From Lab to Fab, Commercialization at Georgia Tech Makes its Mark

The Georgia Institute of Technology fully embraced its evolving role as an entrepreneurial hub when it created a new dual-position, vice president of commercialization and chief commercialization officer, and then named Raghupathy “Siva” Sivakumar to fill it.

A computer engineering professor who helped start three technology companies and launched a successful student entrepreneurship program, Sivakumar feels well equipped for the role he took on during the fall semester in 2021. And along with the title came a challenging mission from Georgia Tech President Ángel Cabrera.

“The plan is to make Georgia Tech the number one commercialization campus in the country,” Sivakumar said. “We know that technology is important for delivering value in the real world, and that’s where we have a tremendous advantage. Yes, we have room to grow. But all of the ingredients are here.”

Those ingredients include 3,500 faculty members, thousands of Ph.D. students, more than $1 billion in research awards, and a wide-ranging suite of commercialization-focused programs (more than 30) that can seem overwhelming at first to the fledgling entrepreneur or start-up – programs such as VentureLab, the Advanced Technology Development Center, and the popular student-focused business startup program, CREATE-X, to name just a few. 

These programs and resources are helping to foster a new generation of successful technology entrepreneurs from the ranks of Georgia Tech’s faculty and students.

Wellspring of Commercial Success

LaVonda Brown developed her company, EyeGage, based around the robotic eye-tracking technology she developed as a Ph.D. student at Georgia Tech. When she needed help putting the pieces of the entrepreneurial puzzle together, she turned to the Georgia Tech MBA program in the Scheller College of Business and CREATE-X.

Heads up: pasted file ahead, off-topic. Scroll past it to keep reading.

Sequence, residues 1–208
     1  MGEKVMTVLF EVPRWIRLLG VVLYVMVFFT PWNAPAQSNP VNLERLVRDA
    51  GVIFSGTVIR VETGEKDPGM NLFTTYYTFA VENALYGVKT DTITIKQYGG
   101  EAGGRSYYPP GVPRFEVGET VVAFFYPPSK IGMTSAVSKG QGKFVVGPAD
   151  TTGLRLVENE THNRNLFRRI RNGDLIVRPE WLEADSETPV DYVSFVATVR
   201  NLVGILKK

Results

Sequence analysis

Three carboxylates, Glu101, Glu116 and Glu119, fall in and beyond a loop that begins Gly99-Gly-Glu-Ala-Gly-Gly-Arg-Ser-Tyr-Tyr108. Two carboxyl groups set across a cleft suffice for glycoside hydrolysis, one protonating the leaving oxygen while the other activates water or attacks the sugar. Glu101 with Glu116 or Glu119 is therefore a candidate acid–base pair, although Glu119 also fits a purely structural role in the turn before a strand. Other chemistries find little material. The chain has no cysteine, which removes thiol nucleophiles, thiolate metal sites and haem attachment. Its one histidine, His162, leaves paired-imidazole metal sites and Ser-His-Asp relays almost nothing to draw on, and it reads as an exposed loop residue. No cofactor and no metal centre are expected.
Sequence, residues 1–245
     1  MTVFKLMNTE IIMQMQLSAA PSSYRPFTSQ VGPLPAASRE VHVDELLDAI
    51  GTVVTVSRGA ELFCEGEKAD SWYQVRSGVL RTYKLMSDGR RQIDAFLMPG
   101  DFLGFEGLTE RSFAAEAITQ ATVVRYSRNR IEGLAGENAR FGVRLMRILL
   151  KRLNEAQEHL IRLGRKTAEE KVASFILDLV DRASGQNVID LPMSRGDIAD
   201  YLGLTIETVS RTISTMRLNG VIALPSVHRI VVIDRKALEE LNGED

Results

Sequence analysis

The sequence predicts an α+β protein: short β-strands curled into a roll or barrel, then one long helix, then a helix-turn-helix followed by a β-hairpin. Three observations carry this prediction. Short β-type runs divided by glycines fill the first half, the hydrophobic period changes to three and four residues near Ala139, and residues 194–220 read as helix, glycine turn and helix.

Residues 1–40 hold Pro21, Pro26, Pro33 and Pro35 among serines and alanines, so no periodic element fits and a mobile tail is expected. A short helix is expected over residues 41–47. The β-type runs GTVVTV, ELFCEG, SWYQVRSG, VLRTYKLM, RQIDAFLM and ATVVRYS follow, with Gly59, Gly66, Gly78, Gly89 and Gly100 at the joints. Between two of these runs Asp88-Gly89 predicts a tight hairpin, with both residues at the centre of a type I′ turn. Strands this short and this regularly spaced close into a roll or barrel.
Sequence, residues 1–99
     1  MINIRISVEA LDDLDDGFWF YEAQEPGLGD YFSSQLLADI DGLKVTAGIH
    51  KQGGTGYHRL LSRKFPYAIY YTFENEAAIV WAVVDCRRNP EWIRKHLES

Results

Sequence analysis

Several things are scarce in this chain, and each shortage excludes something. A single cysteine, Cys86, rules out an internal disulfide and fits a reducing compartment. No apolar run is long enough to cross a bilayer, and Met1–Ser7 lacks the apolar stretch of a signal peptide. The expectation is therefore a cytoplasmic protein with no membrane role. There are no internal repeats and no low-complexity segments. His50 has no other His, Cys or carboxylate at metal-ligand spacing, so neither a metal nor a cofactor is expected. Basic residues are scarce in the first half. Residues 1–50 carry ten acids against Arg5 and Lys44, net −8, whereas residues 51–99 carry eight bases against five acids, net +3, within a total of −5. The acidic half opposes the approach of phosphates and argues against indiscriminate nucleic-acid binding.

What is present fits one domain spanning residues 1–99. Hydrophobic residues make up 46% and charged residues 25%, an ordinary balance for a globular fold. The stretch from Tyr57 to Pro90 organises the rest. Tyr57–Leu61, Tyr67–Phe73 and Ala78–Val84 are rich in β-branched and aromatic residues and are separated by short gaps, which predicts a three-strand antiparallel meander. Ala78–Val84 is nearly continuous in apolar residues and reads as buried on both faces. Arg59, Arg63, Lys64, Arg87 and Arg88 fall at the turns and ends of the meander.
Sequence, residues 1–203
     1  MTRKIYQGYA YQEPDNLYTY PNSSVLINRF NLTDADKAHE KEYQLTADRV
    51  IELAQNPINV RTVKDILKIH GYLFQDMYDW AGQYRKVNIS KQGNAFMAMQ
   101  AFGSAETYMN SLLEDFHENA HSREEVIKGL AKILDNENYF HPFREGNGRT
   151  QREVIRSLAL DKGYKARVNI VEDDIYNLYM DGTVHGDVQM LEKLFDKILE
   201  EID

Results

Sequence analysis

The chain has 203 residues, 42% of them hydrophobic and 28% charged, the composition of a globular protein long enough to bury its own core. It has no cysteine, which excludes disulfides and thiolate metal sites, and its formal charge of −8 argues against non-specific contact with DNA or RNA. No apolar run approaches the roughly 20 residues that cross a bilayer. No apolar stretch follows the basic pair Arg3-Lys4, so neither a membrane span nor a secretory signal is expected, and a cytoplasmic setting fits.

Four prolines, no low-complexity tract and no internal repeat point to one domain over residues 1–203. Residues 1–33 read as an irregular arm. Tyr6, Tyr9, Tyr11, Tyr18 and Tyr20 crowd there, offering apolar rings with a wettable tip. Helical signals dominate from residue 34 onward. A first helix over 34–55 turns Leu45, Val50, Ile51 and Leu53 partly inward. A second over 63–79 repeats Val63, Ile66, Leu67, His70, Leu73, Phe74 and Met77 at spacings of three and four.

“It dawned on me in business school that a computer can tell when someone is under the influence [of alcohol or drugs],” Brown said of her aha moment. “Then we were lucky to be accepted into the CREATE-X program. That gave us everything we could possibly need to know to start our company. That’s where I learned one of the most important things about building a solid business model – customer discovery. It’s been critical for us because it helped us pivot to a new customer segment.”

Now focused on alcohol and drug detection, EyeGage is based in the Advanced Technology Development Center (ATDC). The company recently launched its first product, a free app that lets users know if they’re sober enough to drive, offering a red “Do Not Drive” warning if not, with a link to transportation services. 

Georgia Tech’s commercialization ecosystem has also been the wellspring of successful ventures in recent years. For example, there’s Greenlight, a startup offering debit cards and investing for kids, doubled its valuation in a year, to $2.3 billion; and Sila Nanotechnologies, Inc., a next-generation battery  materials company, which received Series F funding early last year, boosting its valuation to more than $3.3 billion.

Turning Ideas into Reality 

Since it was founded in 1980, the Advanced Technology Development Center (ATDC) at Georgia Tech has created a global buzz for how it has nurtured technological entrepreneurship, even being named twice to Forbes magazine’s list of “Incubators Changing the World.” With 40 years of experience, ATDC has helped hundreds of startups find their way to the market.